In order for disruptive innovation to be successful, a great deal of time needs to be invested in design during pre-production phase, followed by skillful delivery of the product to the end-user. Since its development in Mayo Clinic Rochester, AWARE was designed based on the voice of the costumer and redesigned in a clinical simulation center and during deployment in multiple specialized intensive care units (ICUs). The main features of AWARE include unique logical display of high value data, shared multidisciplinary communication platforms and evidence based decision support tools.
When I moved to practice at the Mayo Clinic location in Florida where only a conventional Electronic Health Record (EHR) was available, it became clear that we had to spread AWARE across the organization. Over a year of project approval committee meetings was needed to start the project, after which it was still not as easy as plug-and-play. We had designed a great tool for the clinical end-user to apply when caring for the most complex patient populations but the problem remained how to convert the clinician to using AWARE when they already had a system in place that, although not as valuable, was familiar. It took another year of weekly meetings with information technology (IT), nursing informatics, programmers and clinicians until we were finally able to deliver a complete and accurate tool that could be used by clinicians for patient care while enhancing their experience. A significant amount of time was needed to do the necessary connections from the vendor of our EHR to AWARE which highlights the lack of standardize language across EHRs as a barrier that undermines patient care each time a new EHR tool is implemented.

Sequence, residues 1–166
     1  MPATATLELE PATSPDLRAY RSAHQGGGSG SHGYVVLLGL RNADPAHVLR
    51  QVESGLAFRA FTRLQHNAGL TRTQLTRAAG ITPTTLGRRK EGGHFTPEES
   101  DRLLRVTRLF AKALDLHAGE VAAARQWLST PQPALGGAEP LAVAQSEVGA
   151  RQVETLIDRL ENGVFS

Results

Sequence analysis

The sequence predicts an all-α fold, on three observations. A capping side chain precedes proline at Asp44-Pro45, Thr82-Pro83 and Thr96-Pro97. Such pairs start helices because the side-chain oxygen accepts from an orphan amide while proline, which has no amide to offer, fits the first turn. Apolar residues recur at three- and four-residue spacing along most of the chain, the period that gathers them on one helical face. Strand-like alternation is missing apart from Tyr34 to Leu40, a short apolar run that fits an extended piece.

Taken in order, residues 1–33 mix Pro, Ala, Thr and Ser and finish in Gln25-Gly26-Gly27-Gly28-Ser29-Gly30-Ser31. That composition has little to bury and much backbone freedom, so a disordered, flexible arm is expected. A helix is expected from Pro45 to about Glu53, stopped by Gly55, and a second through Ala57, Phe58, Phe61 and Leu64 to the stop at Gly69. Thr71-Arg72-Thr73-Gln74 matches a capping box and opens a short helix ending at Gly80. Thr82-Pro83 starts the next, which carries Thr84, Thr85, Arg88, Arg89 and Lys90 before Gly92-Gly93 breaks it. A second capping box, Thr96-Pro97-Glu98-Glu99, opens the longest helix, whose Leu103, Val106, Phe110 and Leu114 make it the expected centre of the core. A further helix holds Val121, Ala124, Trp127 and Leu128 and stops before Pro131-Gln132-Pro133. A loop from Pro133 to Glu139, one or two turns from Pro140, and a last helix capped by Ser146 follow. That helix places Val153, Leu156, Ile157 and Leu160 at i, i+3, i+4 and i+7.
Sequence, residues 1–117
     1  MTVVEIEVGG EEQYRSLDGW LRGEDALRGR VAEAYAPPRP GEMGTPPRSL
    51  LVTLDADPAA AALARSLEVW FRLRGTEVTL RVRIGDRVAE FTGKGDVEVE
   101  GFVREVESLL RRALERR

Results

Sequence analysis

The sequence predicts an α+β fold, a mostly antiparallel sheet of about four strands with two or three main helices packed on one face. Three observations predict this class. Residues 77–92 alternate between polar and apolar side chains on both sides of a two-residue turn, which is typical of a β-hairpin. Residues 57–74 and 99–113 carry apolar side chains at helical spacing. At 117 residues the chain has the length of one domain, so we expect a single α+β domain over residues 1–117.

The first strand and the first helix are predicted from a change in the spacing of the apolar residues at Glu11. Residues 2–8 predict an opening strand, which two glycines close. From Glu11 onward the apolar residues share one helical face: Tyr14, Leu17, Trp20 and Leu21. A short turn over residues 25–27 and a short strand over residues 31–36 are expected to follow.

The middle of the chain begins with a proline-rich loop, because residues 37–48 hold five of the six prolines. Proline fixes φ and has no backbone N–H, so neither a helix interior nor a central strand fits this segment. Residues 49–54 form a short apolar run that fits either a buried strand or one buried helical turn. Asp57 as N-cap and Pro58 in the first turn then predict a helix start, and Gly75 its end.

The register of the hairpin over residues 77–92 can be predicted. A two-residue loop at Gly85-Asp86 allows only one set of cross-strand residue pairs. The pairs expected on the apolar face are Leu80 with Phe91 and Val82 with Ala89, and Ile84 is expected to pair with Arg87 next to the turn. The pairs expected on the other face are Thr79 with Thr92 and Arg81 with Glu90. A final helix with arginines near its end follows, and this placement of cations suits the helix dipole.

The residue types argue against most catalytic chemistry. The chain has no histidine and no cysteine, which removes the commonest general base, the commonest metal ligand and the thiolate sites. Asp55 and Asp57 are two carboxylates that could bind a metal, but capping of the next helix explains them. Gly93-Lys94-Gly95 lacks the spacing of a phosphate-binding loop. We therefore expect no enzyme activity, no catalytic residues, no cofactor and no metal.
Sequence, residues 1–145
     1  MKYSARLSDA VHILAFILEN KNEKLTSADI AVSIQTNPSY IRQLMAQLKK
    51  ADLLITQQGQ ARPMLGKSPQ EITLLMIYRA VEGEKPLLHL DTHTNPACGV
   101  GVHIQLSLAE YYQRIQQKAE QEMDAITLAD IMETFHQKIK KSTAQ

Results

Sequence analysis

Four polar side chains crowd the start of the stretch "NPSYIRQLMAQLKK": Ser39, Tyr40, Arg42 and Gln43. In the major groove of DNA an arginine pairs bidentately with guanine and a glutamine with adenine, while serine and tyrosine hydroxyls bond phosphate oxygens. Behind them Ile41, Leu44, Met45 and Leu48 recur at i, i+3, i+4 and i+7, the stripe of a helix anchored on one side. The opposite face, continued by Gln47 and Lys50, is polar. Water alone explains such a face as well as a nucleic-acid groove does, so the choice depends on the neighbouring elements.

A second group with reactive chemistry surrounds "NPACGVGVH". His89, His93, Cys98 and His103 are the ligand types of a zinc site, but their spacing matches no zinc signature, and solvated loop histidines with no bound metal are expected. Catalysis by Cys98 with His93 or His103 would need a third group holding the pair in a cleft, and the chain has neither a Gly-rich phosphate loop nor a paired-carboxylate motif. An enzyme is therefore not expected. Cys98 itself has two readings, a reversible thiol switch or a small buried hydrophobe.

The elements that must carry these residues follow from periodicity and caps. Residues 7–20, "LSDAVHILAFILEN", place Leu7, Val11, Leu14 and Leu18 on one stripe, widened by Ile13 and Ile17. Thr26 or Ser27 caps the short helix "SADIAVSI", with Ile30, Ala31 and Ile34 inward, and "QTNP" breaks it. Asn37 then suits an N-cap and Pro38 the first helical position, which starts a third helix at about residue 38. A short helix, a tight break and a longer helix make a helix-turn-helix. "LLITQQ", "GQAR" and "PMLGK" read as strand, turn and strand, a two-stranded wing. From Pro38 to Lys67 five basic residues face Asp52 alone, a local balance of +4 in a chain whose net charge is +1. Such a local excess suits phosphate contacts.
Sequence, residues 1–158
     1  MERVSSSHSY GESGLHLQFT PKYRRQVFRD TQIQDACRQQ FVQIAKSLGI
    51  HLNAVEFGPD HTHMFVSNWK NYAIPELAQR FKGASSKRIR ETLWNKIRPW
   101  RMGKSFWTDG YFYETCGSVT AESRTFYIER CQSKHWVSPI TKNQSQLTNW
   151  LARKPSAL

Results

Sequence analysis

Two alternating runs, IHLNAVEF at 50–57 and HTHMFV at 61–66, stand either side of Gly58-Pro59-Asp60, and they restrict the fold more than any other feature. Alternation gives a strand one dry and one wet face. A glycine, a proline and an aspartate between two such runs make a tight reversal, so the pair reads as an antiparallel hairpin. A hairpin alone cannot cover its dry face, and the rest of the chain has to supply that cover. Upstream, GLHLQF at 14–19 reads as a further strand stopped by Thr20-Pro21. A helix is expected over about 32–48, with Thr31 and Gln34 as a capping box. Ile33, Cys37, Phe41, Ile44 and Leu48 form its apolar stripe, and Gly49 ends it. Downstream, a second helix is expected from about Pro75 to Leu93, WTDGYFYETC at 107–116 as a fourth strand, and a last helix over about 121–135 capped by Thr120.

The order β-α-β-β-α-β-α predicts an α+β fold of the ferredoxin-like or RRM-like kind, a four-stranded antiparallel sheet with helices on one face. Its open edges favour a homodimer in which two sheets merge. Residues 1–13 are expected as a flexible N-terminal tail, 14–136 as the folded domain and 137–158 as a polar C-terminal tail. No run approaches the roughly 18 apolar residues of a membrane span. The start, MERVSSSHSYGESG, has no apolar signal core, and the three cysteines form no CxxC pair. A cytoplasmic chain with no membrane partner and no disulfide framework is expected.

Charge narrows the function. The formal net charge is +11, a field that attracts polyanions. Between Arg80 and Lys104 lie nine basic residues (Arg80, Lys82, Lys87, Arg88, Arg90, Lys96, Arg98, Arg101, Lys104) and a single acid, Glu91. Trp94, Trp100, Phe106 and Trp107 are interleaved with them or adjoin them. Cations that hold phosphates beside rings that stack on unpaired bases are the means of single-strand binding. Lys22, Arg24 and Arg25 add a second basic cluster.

During implementation, usual training sessions were completed as well as going beyond with use of many other quality improvement and education tools to show providers AWARE’s advantages. Most of the avid users have been providers who need high value data to make timely critical decisions. The non-decision making and non-ordering providers have not engaged as frequently. Although with reinforcement, they have adopted the use of the standardized communication platforms which were built into the program.
If we were to do this process over again, the most beneficial testament would be to have a standardized EHR language. A similar principle applies to data being generated by ICU related hardware (i.e. Ventilators, IV pumps and dialysis machines). Not having a testing environment where necessary adjustment could be made delayed the improvement “Plan-Do-Study-Act” cycles. Finally, the recognition AWARE has received since its implementation has been to our advantage, leading to a recent decision of the critical care strategic planning group to request standardization of hand-off communication in the ICU with AWARE; which will create more momentum to engage allied healthcare providers. Additionally, enterprise wide efforts now have the ability to standardize rounding tools and ICU checklists as well as others such as computerized algorithms for deteriorating patients. The future is bright for this novel ICU tool, something to be AWARE of!
Originally posted by HIMSS. Read original article.